8 Things You May Not Know About Memorial Day #4 & 5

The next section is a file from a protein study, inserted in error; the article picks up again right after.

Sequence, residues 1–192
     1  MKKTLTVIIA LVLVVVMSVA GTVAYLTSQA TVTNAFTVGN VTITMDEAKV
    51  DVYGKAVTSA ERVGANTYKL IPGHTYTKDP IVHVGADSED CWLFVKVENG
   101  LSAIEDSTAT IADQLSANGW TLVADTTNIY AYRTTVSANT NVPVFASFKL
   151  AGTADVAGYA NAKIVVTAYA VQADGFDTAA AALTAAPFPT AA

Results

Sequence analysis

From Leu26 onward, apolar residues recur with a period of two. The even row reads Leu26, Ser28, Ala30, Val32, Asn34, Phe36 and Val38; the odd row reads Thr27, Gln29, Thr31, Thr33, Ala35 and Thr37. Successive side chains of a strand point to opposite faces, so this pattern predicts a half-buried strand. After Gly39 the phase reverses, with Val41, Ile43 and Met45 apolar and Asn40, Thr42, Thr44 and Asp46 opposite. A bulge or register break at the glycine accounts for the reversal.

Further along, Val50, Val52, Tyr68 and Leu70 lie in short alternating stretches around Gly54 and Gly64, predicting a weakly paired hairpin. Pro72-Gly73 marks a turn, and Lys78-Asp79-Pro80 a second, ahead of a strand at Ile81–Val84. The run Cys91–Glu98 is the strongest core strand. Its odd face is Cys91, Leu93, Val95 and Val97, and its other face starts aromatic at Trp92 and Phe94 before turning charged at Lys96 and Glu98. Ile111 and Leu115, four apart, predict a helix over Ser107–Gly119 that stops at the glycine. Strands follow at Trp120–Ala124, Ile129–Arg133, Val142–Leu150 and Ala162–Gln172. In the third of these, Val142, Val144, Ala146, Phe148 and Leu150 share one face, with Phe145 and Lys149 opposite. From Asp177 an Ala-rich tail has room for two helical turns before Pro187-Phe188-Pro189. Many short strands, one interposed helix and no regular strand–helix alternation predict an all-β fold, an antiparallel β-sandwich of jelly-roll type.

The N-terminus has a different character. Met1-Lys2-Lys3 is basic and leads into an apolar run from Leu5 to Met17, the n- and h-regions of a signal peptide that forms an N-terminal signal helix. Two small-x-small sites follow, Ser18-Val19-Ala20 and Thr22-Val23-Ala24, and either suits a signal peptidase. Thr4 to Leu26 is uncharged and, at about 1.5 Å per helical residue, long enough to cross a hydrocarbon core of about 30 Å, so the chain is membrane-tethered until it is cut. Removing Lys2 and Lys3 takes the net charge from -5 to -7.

4. Logan probably adapted the idea from earlier events in the South. Even before the war ended, women’s groups across much of the South were gathering informally to decorate the graves of Confederate dead. In April 1886, the Ladies Memorial Association of Columbus, Georgia resolved to commemorate the fallen once a year—a decision that seems to have influenced John Logan to follow suit, according to his own wife. However, southern commemorations were rarely held on one standard day, with observations differing by state and spread out across much of the spring and early summer. It’s a tradition that continues today: Nine southern states officially recognize a Confederate Memorial Day, with events held on Confederate President Jefferson Davis’ birthday, the day on which General Thomas “Stonewall” Jackson was killed, or to commemorate other symbolic events. 5. It didn’t become a federal holiday until 1971. American’s embraced the notion of “Decoration Day” immediately. That first year, more than 27 states held some sort of ceremony, with more than 5,000 people in attendance at a ceremony at Arlington National Cemetery. By 1890, every former state of the Union had adopted it as an official holiday. But for more than 50 years, the holiday was used to commemorate those killed just in the Civil War, not in any other American conflict. It wasn’t until America’s entry into World War I that the tradition was expanded to include those killed in all wars, and Memorial Day was not officially recognized nationwide until the 1970s, with America deeply embroiled in the Vietnam War.